Let’s try to find an answer to this question. Many businesses are either in the planning or implementation phase of their SIP trunking deployment. One of the key objectives for them is to have an optimal and stress-free SIP trunking deployment.
To achieve that, businesses can do a ‘Pilot Trial’ to test how their current SIP- enabled infrastructure will interoperate with the SIP service provider. One of the most important things to define before starting a trial is the success criteria and the duration. Otherwise, a trial might become an endless project, consuming more time and financial resources. A prolonged interop test trial will cause overall SIP trunking deployment delays and will minimize the benefits of implementing SIP trunking. But it’s still a very critical step of the deployment and any industry expert will advise against skipping or hastening it.
As we all know, SIP is an ever changing and evolving VoIP communication protocol. SIP is maturing but it’s still not “plug and play” ready. There are RFCs published by IETF (Internet Engineering Task Force) that do a great job of specifying SIP standards and help streamline basic SIP implementations, but still there are some specific areas and features where implementation is left to vendor’s own interpretation.
Many times various vendors’ interpretations don’t match and they each implement the same SIP features in different ways. That’s a perfect recipe for an interop nightmare! But there are significant efforts being made to mitigate interop issues by having RFC/IETF drafts to address specific areas that may not be covered in main RFCs.
Other groups at the forefront of addressing interop issues include VoIP equipment vendors and leading SIP trunking providers who perform interop testing with their equipment and SIP services, and ‘certify’ a specific solution and the equipment needed. This gives customers a great deal of confidence when planning and evaluating various vendors and SIP trunk providers.
The following are key factors for a good SIP interop certification process:
- Software Version of IP-PBX Tested and Certified
- Every now and then an IP-PBX vendor comes up with a major software release which includes new features and enhancements. A good SIP trunking provider refreshes their certification after testing with every such major release.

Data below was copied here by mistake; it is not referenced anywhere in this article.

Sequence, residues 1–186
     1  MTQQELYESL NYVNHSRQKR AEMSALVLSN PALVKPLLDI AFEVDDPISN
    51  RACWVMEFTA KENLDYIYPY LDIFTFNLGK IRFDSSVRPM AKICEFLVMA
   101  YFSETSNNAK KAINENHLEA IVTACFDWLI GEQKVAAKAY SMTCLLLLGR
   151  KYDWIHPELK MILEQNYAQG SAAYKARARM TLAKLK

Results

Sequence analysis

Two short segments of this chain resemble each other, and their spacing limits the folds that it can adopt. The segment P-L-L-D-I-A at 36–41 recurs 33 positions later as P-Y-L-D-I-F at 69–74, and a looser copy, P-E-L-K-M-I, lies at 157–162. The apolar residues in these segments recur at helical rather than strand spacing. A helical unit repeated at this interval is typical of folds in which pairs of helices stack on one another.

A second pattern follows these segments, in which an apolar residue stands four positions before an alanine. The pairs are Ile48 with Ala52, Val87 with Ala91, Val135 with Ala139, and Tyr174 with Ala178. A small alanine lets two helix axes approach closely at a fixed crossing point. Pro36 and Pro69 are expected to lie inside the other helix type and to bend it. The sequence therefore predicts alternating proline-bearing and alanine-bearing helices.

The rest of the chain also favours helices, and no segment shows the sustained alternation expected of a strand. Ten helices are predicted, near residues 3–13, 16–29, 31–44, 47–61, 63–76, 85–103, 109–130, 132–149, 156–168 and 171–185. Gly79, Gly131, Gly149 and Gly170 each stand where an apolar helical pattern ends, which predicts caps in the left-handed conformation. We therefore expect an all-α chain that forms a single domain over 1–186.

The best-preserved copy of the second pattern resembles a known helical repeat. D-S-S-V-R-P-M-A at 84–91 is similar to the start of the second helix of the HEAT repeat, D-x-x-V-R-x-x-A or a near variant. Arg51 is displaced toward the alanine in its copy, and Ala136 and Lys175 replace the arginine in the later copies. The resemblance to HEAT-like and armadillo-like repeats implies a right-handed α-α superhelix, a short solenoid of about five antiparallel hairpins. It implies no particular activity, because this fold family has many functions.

- Test Plan
- Test plan serves as a success criteria of a pilot trial. A comprehensive test plan is very critical. It should not only cover basic call scenarios but also various feature related call scenarios. With SIP there’s always more than one way to implement or use features.
- Configuration Guide/Application Note
- The outcome of interop testing should not only be a confirmation of proper working between the IP-PBX or SBC with the SIP trunking provider but also good documentation of test results. Such documentation should include all issues and limitations discovered during testing and should list any possible workarounds or solutions found for such issues and limitations. Documentation should also contain configurations (screen captures or CLI config) of the IP-PBX or SBC used during testing. That way the document serves as a best practice for customers.
This certification process should help customers in their planning, evaluation and implementation phase. Still, every SIP trunking deployment is unique and will require some form of testing by the customer. But these efforts should help them to minimize their test trial period.
So the answer to the question is we may not have reached a point where SIP trunk implementation is a breeze, a “plug and play” solution, but leading equipment vendors and SIP trunking providers are taking all necessary and prudent steps so that customers don’t have to worry about SIP interoperability challenges during their SIP trunk deployment.
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